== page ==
About Duncan Sheik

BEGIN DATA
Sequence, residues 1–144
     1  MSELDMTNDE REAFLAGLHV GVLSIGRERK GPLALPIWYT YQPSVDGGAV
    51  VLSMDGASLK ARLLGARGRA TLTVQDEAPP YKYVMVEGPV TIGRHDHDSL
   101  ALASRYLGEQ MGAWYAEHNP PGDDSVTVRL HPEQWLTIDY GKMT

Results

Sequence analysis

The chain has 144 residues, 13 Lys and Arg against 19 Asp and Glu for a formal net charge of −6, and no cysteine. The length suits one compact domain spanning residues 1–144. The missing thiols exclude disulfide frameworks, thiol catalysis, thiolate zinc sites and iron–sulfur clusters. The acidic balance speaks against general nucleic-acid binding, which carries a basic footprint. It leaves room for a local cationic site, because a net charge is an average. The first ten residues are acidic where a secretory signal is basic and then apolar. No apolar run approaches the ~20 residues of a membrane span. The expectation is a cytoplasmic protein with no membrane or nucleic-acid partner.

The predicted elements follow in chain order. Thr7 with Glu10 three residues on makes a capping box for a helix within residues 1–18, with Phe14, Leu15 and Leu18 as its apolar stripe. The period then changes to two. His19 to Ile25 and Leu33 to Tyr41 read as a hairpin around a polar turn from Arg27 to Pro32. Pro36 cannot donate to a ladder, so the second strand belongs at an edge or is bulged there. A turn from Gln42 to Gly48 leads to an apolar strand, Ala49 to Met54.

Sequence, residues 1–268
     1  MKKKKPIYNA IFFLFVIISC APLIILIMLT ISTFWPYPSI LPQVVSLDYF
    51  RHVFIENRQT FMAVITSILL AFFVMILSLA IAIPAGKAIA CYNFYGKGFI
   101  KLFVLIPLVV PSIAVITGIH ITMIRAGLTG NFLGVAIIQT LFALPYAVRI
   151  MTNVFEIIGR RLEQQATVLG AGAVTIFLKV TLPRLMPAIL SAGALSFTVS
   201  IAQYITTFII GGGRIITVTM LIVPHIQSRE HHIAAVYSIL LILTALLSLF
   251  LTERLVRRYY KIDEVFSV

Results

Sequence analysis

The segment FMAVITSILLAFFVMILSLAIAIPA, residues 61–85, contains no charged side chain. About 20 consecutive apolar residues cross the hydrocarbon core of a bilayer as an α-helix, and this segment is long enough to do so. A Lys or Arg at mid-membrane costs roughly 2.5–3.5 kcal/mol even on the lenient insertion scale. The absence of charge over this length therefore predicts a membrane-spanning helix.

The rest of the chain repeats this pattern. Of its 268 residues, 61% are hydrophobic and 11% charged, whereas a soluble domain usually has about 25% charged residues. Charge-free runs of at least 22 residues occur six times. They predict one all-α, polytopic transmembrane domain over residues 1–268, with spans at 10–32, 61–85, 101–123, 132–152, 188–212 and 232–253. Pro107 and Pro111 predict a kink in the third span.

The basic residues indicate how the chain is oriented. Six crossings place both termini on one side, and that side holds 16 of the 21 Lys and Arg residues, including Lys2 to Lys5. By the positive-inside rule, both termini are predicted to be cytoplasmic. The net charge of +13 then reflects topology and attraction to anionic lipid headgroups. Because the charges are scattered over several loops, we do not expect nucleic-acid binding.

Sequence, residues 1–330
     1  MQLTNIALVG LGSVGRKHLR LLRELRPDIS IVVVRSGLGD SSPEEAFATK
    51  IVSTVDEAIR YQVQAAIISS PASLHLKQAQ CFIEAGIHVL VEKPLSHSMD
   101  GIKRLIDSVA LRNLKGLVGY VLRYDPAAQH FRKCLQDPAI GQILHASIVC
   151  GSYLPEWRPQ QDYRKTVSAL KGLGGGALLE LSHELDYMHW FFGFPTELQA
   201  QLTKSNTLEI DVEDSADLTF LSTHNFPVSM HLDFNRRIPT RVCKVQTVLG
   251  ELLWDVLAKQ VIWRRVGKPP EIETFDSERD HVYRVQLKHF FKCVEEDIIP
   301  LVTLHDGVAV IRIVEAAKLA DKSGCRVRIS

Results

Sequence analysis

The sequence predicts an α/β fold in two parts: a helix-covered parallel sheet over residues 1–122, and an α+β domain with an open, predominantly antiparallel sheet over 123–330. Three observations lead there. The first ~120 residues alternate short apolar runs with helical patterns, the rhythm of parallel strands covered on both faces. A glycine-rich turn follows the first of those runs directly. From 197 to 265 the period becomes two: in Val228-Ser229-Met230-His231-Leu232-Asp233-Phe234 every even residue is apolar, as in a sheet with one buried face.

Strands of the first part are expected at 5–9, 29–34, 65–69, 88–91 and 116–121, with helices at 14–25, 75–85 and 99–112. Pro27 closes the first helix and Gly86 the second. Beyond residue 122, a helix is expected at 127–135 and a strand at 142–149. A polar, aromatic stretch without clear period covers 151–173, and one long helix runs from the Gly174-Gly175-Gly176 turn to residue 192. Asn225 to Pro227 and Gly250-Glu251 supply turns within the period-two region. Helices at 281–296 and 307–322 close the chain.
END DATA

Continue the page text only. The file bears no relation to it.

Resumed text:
When "Barely Breathing" flew up the charts in 1996, it seemed that Duncan Sheik's career was only going to get bigger and bigger. That didn't happen, but Sheik has kept growing as an artist, and he learned how to balance introspective singer-songwriting material with catchy rock hooks, pairing complex orchestral arrangements with spare instrumentation. Like Lisa Loeb's "Stay" or Natalie Umbruglia's "Torn," "Barely Breathing" was a song that initially struck a chord with alt rock audiences before being embraced by older, more mature listeners. Sheik's self-titled debut also featured delicate, orchestral folk such as the beautiful "Days Go By," that recalled the work of two tragically short-lived cult heroes: Nick Drake and Jeff Buckley. Sheik kept putting out decent, above average material, but it was only really connecting with his fan base. Then, in 2001, he released Phantom Moon, which stripped his songs down to the essentials, earning deserved critical praise in the process. Sadly, the album didn't sell, and Sheik returned to a more traditional light alternative rock sound with 2002's Daylight, which housed the minor hit "On a High." With 2006's White Limousine, Duncan Sheik somehow managed to keeps his songwriting skills sharp on a set of gauzy, lovingly arranged ballads that would win discerning dream pop fans over if they didn't know it came from the same artist who charted with "Barely Breathing."